A shoulder separation is the injury of the acromioclavicular or AC joint, considered as one of the major shoulder joints in the human body.
Recalling the basic shoulder anatomy, the shoulder is made up of three bones: the scapula, the humerus, and the clavicle. A region of the scapula, called the acromion, makes up the top shoulder. The AC joint is the junction where the acromion and the clavicle meet.
In shoulder separation, the AC joint articulating the acromion and the collarbone or clavicle is disrupted. A ligament supporting the joint is either stretched out or torn by an increased or overwhelming force. Thus, this condition is also known as the acromioclavicular joint separation, or AC separation.
It is essential to emphasize that shoulder separation and shoulder dislocation are two different injuries, as they mainly involve different structures. In shoulder separation, the AC joint is injured, whereas, in shoulder dislocation, the glenohumerul joint that articulates the humerus and the scapula is disrupted.
AC separations are graded and classified according to their severity and the damage of the ligaments involved.
- In a grade one AC separation, the mildest form, the injury is involves a sprained AC ligament. No bone is misplaced in this type.
- A grade two AC separation involves a tear in the acromioclavicular joint. The most commonly injured ligament, the coracoclavicular ligament is either sprained or partially torn. A small lump over injured area is usually observed.
- In grade three, the coracoclavicular ligament is completely torn. A deformity or a large bump over the injury is visibly seen.
- A grade four shoulder separation, the most severe type, is uncommon. In this classification, the collarbone is forced behind the AC joint.
Shoulder separation is usually obtained from falls or from direct hard blows to the shoulder. Falling on an outstretched hand, the force applied against the shoulder joint is too great for the supporting ligaments to withstand. The bones making up the shoulder are separated as the ligaments get sprained and torn apart.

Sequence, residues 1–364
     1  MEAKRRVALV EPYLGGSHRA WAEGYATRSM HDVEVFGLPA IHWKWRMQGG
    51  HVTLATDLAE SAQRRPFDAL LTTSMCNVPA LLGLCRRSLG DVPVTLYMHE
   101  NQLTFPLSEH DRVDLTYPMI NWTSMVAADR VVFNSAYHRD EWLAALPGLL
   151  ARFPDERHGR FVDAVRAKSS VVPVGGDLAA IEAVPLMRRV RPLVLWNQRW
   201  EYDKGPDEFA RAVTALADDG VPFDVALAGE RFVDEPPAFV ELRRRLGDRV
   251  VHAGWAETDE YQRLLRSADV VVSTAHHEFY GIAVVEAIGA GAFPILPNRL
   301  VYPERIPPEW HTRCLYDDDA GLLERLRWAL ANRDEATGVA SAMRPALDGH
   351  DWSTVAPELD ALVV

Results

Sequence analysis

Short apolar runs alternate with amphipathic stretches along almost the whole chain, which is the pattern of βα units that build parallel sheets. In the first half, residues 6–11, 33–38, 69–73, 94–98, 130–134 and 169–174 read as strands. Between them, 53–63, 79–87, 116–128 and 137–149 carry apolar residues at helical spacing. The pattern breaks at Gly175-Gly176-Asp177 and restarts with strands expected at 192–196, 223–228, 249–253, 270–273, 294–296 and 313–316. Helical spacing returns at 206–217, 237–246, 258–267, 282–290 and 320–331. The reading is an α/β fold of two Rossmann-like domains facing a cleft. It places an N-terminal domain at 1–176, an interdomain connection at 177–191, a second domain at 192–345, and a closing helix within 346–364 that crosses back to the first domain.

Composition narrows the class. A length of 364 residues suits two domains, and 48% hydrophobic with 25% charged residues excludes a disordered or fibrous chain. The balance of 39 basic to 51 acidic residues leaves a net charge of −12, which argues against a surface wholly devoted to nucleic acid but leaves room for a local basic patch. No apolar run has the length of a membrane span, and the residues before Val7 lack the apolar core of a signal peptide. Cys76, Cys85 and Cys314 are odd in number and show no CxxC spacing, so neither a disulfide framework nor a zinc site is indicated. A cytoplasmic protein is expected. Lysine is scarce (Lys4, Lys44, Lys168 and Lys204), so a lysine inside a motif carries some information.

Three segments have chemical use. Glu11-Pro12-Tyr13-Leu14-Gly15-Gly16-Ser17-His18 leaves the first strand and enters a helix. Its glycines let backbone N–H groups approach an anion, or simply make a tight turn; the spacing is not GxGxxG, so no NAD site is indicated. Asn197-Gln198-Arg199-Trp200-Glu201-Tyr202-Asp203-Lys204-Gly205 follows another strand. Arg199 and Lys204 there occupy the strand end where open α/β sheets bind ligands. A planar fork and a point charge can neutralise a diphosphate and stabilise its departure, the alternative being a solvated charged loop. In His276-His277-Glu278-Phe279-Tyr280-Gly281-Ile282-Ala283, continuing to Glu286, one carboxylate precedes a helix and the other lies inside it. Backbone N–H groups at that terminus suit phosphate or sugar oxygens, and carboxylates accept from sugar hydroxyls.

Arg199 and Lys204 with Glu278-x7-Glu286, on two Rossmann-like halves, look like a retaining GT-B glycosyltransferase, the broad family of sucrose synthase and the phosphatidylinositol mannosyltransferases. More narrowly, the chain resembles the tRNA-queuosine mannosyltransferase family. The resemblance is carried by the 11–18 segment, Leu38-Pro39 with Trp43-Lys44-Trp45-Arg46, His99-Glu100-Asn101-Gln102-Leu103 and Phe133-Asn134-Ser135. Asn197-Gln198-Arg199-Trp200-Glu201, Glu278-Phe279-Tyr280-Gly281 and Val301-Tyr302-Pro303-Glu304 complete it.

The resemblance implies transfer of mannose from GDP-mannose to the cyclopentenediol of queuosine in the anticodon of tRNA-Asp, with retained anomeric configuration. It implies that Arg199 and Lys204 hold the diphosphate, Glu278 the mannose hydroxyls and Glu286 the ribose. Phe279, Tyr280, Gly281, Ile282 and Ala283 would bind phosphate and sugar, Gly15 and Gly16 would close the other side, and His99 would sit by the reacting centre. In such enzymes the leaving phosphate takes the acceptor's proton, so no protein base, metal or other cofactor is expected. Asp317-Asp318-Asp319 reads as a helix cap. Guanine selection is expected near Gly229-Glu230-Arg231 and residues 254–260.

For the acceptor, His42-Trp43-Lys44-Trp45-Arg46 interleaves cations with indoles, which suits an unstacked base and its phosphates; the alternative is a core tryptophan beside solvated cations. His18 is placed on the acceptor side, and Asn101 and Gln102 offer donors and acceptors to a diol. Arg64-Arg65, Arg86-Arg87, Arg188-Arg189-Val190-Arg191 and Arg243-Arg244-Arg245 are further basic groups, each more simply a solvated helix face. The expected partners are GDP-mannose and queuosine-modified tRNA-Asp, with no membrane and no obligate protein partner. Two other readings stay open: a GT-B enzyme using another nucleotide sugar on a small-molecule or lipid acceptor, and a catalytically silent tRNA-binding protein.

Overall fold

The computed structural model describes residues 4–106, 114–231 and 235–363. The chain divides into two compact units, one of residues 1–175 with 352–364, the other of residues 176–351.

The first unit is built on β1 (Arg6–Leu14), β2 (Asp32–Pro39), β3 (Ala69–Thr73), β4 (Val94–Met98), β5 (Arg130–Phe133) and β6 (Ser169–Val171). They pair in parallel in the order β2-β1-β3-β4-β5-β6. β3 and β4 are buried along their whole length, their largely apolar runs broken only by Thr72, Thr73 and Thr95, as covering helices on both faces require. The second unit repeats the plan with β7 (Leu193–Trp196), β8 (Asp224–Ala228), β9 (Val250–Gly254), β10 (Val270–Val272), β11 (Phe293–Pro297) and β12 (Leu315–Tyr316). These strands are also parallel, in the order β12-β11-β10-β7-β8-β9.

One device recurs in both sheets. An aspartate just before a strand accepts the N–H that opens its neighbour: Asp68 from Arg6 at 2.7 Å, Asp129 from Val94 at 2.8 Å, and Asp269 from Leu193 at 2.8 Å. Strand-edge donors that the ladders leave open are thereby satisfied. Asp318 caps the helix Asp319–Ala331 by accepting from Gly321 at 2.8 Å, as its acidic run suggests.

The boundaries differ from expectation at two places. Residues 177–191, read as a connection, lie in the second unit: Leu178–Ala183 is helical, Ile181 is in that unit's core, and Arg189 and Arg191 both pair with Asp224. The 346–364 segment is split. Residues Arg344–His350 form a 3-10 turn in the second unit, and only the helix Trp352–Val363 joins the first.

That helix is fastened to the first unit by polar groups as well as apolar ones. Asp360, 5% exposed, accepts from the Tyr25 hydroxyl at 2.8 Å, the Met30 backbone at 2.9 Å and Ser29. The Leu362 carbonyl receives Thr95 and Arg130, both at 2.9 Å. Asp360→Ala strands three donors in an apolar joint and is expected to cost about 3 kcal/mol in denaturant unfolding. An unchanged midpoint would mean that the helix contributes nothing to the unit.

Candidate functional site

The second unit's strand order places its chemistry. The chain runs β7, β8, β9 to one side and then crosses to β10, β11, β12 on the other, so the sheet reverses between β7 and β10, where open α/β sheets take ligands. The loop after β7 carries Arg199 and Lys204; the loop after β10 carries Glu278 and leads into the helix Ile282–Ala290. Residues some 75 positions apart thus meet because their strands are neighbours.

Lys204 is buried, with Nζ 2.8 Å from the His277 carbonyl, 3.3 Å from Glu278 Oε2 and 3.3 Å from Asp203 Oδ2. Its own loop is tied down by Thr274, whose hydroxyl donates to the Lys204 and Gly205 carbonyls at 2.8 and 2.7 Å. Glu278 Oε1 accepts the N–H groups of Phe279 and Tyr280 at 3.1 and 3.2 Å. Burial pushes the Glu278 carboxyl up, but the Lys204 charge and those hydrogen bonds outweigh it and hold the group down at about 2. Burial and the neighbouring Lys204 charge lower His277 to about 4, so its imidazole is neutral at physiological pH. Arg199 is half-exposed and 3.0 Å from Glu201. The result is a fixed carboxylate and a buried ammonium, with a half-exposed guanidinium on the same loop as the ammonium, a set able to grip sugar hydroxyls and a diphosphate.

Signs and Symptoms
Severe pain at the site of injury is the most common symptom of an AC separation. The pain is usually felt immediately after the trauma. The injured area is observed with bruising or swelling, most especially in grade 2 to 3 separations. A popping sensation resulting from the movements of the loose joint and a bump at the top of the shoulder are commonly seen in grade 3 separations.
In order to come up with an accurate diagnosis, the physician makes a complete physical examination. A medical history is obtained, concentrating on the mechanism of the injury. An X-ray is ordered to determine and assess the extent of the injury.
The treatment regimen of a separated shoulder mainly depends on the type and grade of the injury. In uncomplicated and milder forms of acromioclavicular separations, it is initially recommended to rest the injured shoulder joint. A sling is usually applied to immobilize the area, allowing the pain and inflammation to subside.
The sling is also necessary to encourage healing and to avoid any joint movement that could aggravate the injury. An ice pack application on the injured joint for 15 to 20 minutes, at least three times a day, for the first 72 hours could greatly reduce the pain and the swelling. Over-the-counter pain killers and non-steroidal anti-inflammatory medications are prescribed to reduce the inflammation and the pain.
After the sling is removed, return to normal activities is gradually done. For the first few weeks, it is recommended to avoid crossing the affected arm or to do extreme motions using the affected joint. In order to achieve full recovery, it is advised to constantly adhere to shoulder strengthening and flexibility exercises prescribed by your physician.
A surgical procedure is usually indicated in severe shoulder separations. A surgery might also be necessary for an AC separation unresponsive to conservative treatments. Reconstruction of the coracoclavicular ligament is commonly done to alleviate the signs and symptoms. The surgical procedure involves putting the displaced joint back into its normal position. A screw is used to temporarily hold the clavicle in place as the reconstructed ligament heals. The screw is usually removed after six to eight weeks.